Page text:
Post-Run Recovery Tips from Around the World

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How to soak like the Japanese, nap like the Kenyans and get cozy like the Swedes as a way to spice up your post-run recovery efforts.

It’s no secret that recovery matters. Whether you’re an ice-bath fanatic, a compression-sock connoisseur or an old-school stretcher, we all follow some sort of post-run protocol. The real gains occur in the aftermath, after all, when our bodies are broken down and begging for restoration.

For most runners, the scripts we follow don’t vary much from season to season, or even from year to year. We learn a few techniques, we pick our favorites and those tend to fill the repertoire until a new trend springs up. Take recent fads like cold-tank cryotherapy, the healing powers of beet juice, or flotation therapy, for example.

But there’s something to be said for variation—in recovery as in running itself. We don’t do the same workouts every day, so why not mix up our recovery habits, too? Inspired by the runners, triathletes and coaches I met while traveling internationally for a year (read more about it in Run the World: My 3,500-Mile Journey Through Running Cultures Around the Globe), I offer you five elements to consider adding to your recovery wheelhouse.

Welcome to a post-run onsen in Japan. (Photo Credit: Becky Wade)

Soak It Up in a Japanese Onsen

There’s a beautiful tradition in Japan that I embraced during my four-week visit. Onsen are traditional bathing houses, constructed around natural hot springs, where individuals of all ages go to wind down. For each guest, the process begins with a thorough scrubbing down with warm water and soap and continues in a room full of warm water pools, each one offering a different feel due to its temperature, circulation and mineral content.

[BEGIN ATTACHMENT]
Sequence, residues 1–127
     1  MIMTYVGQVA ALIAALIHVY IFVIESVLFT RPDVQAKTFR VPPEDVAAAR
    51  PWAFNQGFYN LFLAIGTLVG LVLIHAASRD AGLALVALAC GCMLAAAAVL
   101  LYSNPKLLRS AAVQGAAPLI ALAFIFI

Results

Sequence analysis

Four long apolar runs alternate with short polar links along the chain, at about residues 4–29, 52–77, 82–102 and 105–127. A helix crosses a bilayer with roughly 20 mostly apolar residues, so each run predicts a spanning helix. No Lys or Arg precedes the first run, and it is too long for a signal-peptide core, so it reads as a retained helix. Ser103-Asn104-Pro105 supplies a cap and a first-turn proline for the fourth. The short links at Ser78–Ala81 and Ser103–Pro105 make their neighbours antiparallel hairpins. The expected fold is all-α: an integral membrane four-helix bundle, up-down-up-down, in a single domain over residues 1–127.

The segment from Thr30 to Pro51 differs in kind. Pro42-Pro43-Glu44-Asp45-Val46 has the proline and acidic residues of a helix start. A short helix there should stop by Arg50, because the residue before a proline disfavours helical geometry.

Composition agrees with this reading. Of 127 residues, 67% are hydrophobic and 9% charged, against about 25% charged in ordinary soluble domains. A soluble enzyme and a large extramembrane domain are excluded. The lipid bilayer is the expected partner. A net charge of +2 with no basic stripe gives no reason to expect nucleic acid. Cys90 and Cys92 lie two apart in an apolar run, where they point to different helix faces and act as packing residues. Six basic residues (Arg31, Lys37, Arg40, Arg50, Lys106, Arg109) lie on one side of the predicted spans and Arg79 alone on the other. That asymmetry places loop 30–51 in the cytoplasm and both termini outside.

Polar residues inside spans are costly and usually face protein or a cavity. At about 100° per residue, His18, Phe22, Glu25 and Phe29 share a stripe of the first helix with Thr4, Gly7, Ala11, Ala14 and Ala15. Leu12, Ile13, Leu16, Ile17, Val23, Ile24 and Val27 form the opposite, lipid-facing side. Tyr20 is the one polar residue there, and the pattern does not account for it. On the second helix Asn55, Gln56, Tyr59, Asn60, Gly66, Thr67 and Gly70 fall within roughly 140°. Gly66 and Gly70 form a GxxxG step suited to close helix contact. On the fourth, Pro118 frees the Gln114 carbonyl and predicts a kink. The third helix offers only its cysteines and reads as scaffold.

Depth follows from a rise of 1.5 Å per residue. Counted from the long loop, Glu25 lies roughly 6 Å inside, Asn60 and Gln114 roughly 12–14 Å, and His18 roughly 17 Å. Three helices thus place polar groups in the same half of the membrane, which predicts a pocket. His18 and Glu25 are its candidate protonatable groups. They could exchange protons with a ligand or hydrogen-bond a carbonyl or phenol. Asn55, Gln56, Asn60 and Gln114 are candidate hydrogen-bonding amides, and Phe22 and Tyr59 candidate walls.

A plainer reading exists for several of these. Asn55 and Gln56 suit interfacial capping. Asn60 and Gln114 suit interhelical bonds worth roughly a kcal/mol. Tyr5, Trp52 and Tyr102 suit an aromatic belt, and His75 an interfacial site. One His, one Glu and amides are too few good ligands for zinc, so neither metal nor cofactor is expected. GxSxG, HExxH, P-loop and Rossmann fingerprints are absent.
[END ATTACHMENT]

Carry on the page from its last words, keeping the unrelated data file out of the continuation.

While the public bathing concept may be foreign to many Westerners, Japanese researchers have been documenting the possible health benefits of onsen since the early 1700s. These benefits can include enhanced recovery from injury and possible improvement in conditions ranging from hypertension and rheumatism to skin disease and stress. I ended several runs at an onsen, many of which also serve nourishing meals and some of which offer fish therapy—entailing tiny fish nibbling on the soles of your feet and in between your toes—and I felt like I’d just taken the nap of a lifetime each time I emerged.

Brunch like an Australian

They may never swap their Vegemite for peanut butter, but Australians have the whole brunch ritual down. The Melbourne runners I trained and mingled with for a month expertly guided me through their thriving late-morning nosh and coffee scene and shed new light on the restorative powers of a leisurely post-run meal with friends.

Whether over crumbly pastries and flat whites or loaded salads and Insta-worthy toast—think thick slabs of sourdough topped with roasted pumpkin and arugula, carrot hummus and goat cheese, or poached eggs and avocado—decompressing came easily. Post-activity refueling is hardly a new concept, but the Australian emphasis on doing so socially is a twist worth considering. The idea of socialization as a recovery tool hasn’t gone mainstream yet, but some notable runners and researchers suggest that it should.

Sweat it Out in a Finnish Sauna